In summary, when the owner's wife arrives in the van at five p.m. to pick up her husband's two employees, she sees they still have not finished repairing the brick wall. They don't tell her that the man that demolished it the night before drove through the newly repaired wall again while they were having lunch in the pub. The driver gave them twenty pounds to keep their mouths shut. She is therefore left to assume that they are somewhat incompetent and slow and says "Come on ... I will show you how to get this job done." She surprises them with her trade skills. When they ask her where she learned how to lay bricks she responds by saying she watched her husband. She adds, "I have always wanted to try it but I felt a bit silly asking." Then she gives herself credit, saying, "Good isn't it?" They laugh.
Later over drinks in the pub the apprentice asks his boss if he can have day leave to go to college, as a supplement to apprenticeship training perhaps. When the owner does not take him seriously, his wife comes to the rescue by telling her husband, "If I have to help on the easy jobs ... they need some training." Her husband laughs and agrees. "If you have been showing Vincent what to do," he says, "he must go to college. We want him trained properly."
What is going on here? First the woman offers her bricklaying skills to help keep the workers her husband's "good books"; now she discredits her skills so that her husband will take his apprentice seriously. And why does she feel "a bit silly asking" to lay bricks in the context of a day on the job? In what cultural premise do the husband and wife mutually invest when they agree that her skill and how she developed it is less valuable than his and his employees'? What social or economic pressure is forcing these characters into a consensus on a better way to learn to lay bricks? Incidently, she learned to lay bricks by watching and imitating her husband, and his apprentice wants to supplement his on-the-job training with college; how the husband and his senior journeyman learned to lay bricks is conveniently left out of the narrative.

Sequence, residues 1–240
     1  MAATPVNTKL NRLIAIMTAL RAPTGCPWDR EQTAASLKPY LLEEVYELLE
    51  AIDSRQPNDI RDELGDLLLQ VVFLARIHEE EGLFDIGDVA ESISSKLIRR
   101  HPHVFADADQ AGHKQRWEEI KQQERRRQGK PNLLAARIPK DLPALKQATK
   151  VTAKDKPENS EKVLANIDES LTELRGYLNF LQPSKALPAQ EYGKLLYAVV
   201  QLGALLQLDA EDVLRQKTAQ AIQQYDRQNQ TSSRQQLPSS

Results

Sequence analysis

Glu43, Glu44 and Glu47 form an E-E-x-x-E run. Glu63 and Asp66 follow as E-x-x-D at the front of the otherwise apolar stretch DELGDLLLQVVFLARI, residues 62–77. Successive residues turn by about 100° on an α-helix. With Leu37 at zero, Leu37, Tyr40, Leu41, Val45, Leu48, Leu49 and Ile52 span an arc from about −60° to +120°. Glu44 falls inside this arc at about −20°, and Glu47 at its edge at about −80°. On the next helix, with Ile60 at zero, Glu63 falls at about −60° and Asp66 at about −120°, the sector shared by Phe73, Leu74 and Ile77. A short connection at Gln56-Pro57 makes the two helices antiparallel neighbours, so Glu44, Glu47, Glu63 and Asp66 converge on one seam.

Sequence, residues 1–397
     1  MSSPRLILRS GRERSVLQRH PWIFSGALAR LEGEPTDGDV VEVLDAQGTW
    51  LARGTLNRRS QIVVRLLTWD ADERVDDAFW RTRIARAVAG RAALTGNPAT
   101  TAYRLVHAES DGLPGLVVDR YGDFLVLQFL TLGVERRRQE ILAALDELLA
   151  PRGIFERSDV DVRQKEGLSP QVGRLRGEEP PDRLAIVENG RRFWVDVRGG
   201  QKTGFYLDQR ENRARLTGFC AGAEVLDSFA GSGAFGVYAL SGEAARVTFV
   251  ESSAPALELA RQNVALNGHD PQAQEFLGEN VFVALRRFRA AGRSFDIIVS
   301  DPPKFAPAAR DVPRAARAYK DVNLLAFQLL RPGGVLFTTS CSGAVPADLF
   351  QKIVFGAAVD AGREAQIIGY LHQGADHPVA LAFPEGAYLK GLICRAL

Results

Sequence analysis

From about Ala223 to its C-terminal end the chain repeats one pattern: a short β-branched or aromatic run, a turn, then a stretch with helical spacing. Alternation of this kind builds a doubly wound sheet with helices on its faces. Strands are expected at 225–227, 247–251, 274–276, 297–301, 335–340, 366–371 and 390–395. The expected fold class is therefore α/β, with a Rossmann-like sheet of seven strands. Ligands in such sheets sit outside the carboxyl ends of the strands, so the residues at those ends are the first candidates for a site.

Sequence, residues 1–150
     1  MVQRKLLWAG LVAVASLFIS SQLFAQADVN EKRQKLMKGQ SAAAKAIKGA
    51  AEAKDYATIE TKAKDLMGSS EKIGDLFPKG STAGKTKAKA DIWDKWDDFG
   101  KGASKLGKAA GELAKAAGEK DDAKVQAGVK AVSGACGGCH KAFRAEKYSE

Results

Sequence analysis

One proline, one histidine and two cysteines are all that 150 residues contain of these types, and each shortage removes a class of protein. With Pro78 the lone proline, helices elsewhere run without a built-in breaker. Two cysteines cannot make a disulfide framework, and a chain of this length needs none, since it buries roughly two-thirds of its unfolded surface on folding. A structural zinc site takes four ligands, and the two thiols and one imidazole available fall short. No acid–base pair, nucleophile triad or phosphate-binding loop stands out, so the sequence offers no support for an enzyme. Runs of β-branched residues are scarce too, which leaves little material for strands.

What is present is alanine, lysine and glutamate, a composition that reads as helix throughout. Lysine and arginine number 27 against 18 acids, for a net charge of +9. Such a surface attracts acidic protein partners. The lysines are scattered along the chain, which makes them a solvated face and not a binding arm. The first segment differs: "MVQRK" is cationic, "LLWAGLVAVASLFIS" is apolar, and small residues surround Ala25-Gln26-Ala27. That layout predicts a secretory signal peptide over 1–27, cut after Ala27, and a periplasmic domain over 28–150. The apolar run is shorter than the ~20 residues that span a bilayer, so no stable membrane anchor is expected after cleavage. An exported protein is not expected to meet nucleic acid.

The only female character in this story is briefly given a voice. With it she gives herself credit. Her husband's employees laugh. This, then, must be the cue to discredit her contribution to the day's work for the sake of the larger social economic project. She brings in the wave of the future-apprenticeship training supplemented with a college education-by erasing herself and her skills. The message, then, is: seek training appropriate to the times and conditions, but learn from a wife or a woman? Never!